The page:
Beyond the Rhetoric
The COVID-19 pandemic and events of the past year have helped usher in long-overdue racial equity and diversity and inclusion efforts. An enlightening 12 months for many business leaders and families, the opportunity gap that exists for people of color is now among the most highly discussed topics in corporate board rooms and at kitchen tables across the United States.
To borrow a point from Coach John Mosley in Netflix’s “Last Chance U” basketball documentary series, people “get a window of opportunity but some of our windows” are small.
Unfortunately, the window of opportunity for homeownership just got even smaller for consumers due to the anti-competitive actions of the nation’s leading wholesale mortgage lender – United Wholesale Mortgage (UWM).
Even as society takes major steps forward in prioritizing diversity and inclusion, UWM has advanced a plan that will add a new challenge for consumers, especially people of color, using mortgage brokers for home financing.
After losing business in an increasingly competitive industry, UWM gave mortgage brokers an ultimatum, forcing them to decide whether to do business with UWM or competitors Rocket Mortgage and Fairway Independent Corp. To memorialize this, brokers had to sign a contract to these terms if they wanted to continue offering UWM’s services.
Systemic racism impacts nearly all aspects of society, ranging from educational and employment opportunities to criminal justice inequities and healthcare access. Banking and lending, and the way those correlate to homeownership, are no exception.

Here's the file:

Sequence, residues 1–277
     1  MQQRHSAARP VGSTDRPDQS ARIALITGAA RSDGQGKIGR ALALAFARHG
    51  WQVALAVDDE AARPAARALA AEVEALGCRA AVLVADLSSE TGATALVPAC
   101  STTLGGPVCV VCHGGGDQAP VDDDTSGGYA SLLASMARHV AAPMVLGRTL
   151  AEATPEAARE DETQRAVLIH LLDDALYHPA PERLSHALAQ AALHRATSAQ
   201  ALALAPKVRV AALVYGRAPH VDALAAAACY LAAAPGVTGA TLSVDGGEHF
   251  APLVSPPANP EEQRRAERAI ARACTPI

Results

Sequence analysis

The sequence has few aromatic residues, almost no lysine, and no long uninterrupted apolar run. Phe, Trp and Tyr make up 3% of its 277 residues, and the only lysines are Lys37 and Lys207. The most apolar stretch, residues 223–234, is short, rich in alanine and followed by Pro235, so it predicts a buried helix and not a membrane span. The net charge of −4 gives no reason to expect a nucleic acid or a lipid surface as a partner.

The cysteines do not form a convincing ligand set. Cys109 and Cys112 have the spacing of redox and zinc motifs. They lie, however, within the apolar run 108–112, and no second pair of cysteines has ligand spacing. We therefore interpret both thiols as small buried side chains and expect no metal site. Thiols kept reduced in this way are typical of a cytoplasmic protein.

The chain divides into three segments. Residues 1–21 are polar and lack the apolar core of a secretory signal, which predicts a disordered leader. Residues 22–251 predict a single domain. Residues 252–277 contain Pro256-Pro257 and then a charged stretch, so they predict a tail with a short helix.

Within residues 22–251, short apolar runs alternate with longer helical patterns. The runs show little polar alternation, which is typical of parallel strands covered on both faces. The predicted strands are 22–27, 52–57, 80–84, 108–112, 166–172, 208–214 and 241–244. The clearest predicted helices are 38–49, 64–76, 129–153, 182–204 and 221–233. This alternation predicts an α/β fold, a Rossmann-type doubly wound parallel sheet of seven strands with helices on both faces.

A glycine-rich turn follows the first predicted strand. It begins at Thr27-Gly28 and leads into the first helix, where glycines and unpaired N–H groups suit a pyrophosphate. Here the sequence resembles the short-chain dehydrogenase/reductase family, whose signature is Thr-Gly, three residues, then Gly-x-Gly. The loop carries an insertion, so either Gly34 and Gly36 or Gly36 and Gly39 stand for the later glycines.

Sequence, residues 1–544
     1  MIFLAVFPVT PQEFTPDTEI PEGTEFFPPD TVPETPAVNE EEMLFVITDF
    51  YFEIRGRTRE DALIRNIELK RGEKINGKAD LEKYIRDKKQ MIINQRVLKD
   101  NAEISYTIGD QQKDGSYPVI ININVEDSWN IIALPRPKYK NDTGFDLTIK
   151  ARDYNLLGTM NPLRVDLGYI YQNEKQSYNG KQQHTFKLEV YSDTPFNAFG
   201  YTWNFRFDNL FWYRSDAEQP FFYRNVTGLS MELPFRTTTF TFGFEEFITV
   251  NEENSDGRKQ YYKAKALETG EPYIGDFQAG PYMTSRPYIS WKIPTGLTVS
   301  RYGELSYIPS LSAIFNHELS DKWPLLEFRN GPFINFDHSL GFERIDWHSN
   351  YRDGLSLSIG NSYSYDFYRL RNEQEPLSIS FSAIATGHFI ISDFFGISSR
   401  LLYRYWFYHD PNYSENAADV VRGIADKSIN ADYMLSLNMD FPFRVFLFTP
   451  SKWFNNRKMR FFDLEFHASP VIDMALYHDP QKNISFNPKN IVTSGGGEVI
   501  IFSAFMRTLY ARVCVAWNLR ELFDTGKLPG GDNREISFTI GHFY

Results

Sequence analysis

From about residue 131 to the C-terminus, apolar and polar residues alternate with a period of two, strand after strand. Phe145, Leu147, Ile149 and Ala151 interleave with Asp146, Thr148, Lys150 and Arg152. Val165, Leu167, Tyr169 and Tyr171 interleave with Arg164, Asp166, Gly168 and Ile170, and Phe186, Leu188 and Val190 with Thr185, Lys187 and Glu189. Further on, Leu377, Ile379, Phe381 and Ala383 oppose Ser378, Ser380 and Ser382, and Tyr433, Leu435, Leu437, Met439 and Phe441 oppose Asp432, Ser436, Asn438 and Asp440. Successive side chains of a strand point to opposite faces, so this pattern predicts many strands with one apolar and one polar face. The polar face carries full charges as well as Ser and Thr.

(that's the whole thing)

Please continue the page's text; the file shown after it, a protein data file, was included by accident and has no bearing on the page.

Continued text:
Modern technologies, however, have helped tip the scales toward a fairer system. For example, a recent report published by the Financial Services Innovation Coalition found that artificial intelligence and algorithmic underwriting programs can help reduce racial disparities in the mortgage industry. This includes access, costs and lending capacity, all critical in opening the window of opportunity more and more for people of color.
It is unfortunate that while many lenders are working to diminish these disparities, industry leaders like UWM peddle anti-competitive policies to protect their own business rather than focusing on consumers and expanding access to homeownership, especially when the path typically taken by leaders is to invest and innovate.
Brokers exist in the mortgage industry to provide choice to people seeking loans, including home buyers and homeowners seeking to re-finance. The value brokers provide is the fast and efficient ability to shop the market and identify the best options for their customers.
While comparing rates is the first component that comes to mind for most people, it also includes an analysis of fees, time to close and other factors that contribute to the decision. It also includes the development, deployment and adoption of new technologies, such as AI and modern lending tools.
Brokers also are particularly helpful to those consumers with low credit scores or other loan application challenges, and know which lenders will be willing to give loans to these groups in “higher risk” categories.
But by limiting the lenders that are available to brokers, this limits their ability to effectively help consumers, particularly minority populations or low-income groups, which could lead to increased costs or a lack of access to the needed capital to get a loan.
The move by UWM is not just anti-competitive, it is anti-consumer; and is yet another hurdle in the path toward homeownership and generational wealth that is already tilted against families of color.
Harry C. Alford is the president and CEO of the National Black Chamber of Commerce and a leading and influential policy advisor who regularly has a seat at the table on corporate boards and the highest levels of government, including at the White House and on Capitol Hill.